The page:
This new, nondefensive way of talking made it possible for her to understand how his transgression hit her where she felt most insecure, and he could see it, generating remorse and forgiveness between them. She described how it had become easier for both of them to “check” themselves for their impact on the other person, and quickly “notice or apologize.” In one session she said, smiling: “You were a jerk to me yesterday, and then you apologized a couple hours later. You recognized that you took out your frustration there on me because I was an easy target.” He realized that he stopped skimming over ways he caused others pain: “I actually was just thinking therapy and the Black Lives Matter movement have made me keenly aware of the words that just came out of my mouth, and the understanding that she reacted adversely to that, instead of me just going, ‘We move on, because that’s awkward.’ There’s a need now to address it.” He continued: “ ‘Did I just upset you? What did I do to just upset you?’”
Couples work always goes back to the challenge of otherness. Differences can show up around philosophical questions like what is important to devote a life to, or whether it is ethical to have babies with a climate crisis looming; or it can be closer to home, like whether having a sexual fantasy about a person who is not your partner is acceptable; or even as seemingly trivial as the correct way to load a dishwasher. Whatever the issue, differences can become a point of crisis in the relationship. Immediately the question of who is right, who gets their way or who has a better handle on reality pops up. Narcissistic vulnerabilities about self-worth appear, which then trigger an impulse to devalue the other. Partners try to resolve such impasses by digging in and working hard to convince the other of their own position, becoming further polarized.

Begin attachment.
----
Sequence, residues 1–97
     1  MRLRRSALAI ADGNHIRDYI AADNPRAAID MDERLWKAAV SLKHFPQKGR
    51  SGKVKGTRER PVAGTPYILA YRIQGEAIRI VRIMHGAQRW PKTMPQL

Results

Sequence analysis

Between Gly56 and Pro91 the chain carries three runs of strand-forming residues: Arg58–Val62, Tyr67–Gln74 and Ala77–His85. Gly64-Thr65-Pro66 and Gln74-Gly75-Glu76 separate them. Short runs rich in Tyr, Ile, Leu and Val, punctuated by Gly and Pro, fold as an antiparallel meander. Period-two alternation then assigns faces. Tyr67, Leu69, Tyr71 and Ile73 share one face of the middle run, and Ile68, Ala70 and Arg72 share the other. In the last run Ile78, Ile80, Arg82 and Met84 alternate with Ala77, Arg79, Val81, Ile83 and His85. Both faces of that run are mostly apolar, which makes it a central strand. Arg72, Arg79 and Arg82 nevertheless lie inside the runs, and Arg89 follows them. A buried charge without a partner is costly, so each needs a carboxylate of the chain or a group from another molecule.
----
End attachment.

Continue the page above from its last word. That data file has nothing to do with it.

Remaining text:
The challenge of otherness may be easiest to see when we think of racial differences. This was certainly true for James and Michelle. Michelle was a calm, gentle, somewhat reserved African American social worker, and James, at the time a police officer, was a slight, wiry white man whose face did not reveal much feeling. They came in with classic conflicts around division of labor and differing parenting styles, and then the pandemic hit. Quarantined, working remotely and home-schooling their 3-year-old son, they started fighting about Covid protocols. Michelle was aware of the way that Covid was devastating Black communities and wanted to be careful. James, along with his fellow police officers and his conservative parents, thought the concern was overblown. Discussion about how race shaped James and Michelle’s experiences and ideas routinely dead-ended. If Michelle tried to bring up the topic, James would insist, “I don’t see color,” and say he didn’t know what she was talking about. In our sessions, Michelle sounded hopeless: She wanted him to understand how traumatizing Covid had been for Black people. But she was frustrated by his inability to acknowledge real difference, as if everyone was the same race. “He’s of the mind-set that ‘I don’t see color.’” She continued setting out his thinking: “ ‘I don’t want to hear what you have to say because that’s not how I think.’” That point of view “obviously angers me,” she said. James would shrug, expressionless. Michelle was describing the infuriating experience of trying to break through a barrier: Her husband wasn’t consciously aware that whiteness was a perspective that was constricting what he could imagine or comprehend.